BlueArc Branches Out

Software apps could save it from its niche status, but clock is ticking on well-funded NAS play

May 25, 2005

3 Min Read
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BlueArc Corp., in danger of burning through whats left of its $157 million in funding, today added software enhancements to its Titan NAS system. The goal: to make its wares more appealing to mainstream customers.

BlueArc’s first major release for the Titan since it was launched in 2004 includes virtual servers, policy-based data migration, iSCSI support, remote volume mirroring, and WORM file system support (see BlueArc Titan to Battle Giants). Each feature is available as a separate license per Titan, running approximately $10,000 apiece.

BlueArc claims more than 150 customers, many in verticals such as life sciences, entertainment, CAD/CAM engineering, and Internet services (see Turner Studios Casts BlueArc and BlueArc Consolidates Life Sciences Firm). While the Titan was built as a high-performance system to handle the large file demands of those verticals, it lacked features such as disaster recovery, failover, and data protection required by mainstream NAS customers.

IDC storage systems program manager Brad Nisbet says the new software is necessary for BlueArc to compete with Network Appliance Inc. (Nasdaq: NTAP) and EMC Corp. (NYSE: EMC) – the two dominant enterprise NAS players (see IDC: Networked Storage Up).

“BlueArc has made its mark in particular verticals based on their high-performance hardware,” Nisbet says. “This is definitely a move to tap into more mainstream opportunities. This is a good step in the right direction, as the company will need to expand beyond vertical niches.”BlueArc's corporate communications manager, Louis Gray, says the software release is also a sign of the company’s stability at a time when its finances receive more attention than its products. Sources inside and close to the company say it is burning from $10 million to $12 million per quarter and probably won’t have enough to sustain it through profitability without more help, despite hefty funding (see BlueArc Wallows in $47M Haul).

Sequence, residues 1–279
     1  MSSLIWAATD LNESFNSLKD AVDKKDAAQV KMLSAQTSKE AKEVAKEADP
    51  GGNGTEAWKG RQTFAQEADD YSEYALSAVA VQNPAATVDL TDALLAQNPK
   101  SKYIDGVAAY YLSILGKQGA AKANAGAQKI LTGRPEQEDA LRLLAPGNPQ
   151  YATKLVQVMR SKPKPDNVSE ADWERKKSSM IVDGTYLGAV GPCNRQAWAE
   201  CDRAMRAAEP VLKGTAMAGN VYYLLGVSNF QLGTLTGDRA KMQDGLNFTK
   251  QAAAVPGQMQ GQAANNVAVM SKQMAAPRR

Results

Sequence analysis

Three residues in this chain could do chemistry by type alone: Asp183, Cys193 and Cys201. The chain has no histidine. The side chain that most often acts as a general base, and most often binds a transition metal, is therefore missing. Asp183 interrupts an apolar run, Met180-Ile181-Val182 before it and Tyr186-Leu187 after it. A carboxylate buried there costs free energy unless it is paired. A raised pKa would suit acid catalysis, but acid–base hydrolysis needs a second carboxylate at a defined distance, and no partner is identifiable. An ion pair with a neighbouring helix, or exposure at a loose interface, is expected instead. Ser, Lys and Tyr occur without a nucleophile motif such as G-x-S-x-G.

Sources say BlueArc’s investors have committed another $12 million to keep it afloat and try to get a return on their investment. Gray won’t confirm that, but says BlueArc’s VCs are ready to put up more if necessary.

“Our VCs from day one were committed to keeping us fully funded,” he says. “But if they have to give us money for expansion, that’s in the can.”

Profitability has been a moving target for BlueArc. New CEO Mike Gustafson has been reluctant to give a specific target for profitability (see BlueArc's Gustafson Moves Up). That's understandable: A year ago, founder and then-CTO Geoff Barrall predicted BlueArc would turn a profit in the first quarter of this year (see BlueArc's Barrall Says Bye Bye). By January, that was pushed back to the fourth quarter.

Here's a rundown of the latest enhancements:

  • Virtual server software lets customers set up eight virtual servers per Titan with separate IP addresses to simplify management.

  • Data migration enables administrators to move data from a file system or volume using policies. This allows customers to automate the transfer of data from expensive disk to cheaper disk or tape as it becomes less critical.

  • iSCSI support is key to the enterprise NAS market, as leader Network Appliance has demonstrated (see NetApp Banks on iSCSI). BlueArc product marketing director John Affeld says he expects existing customers will use the iSCSI support to connect stranded DAS servers.

  • Remote volume mirroring enables disaster recovery by allowing systems located up to 10 kilometers apart to synchronously replicate data.

  • WORM support helps companies adhere to compliance regulations by preventing data from being modified or deleted for a specific period.— Dave Raffo, Senior Editor, Byte and Switch

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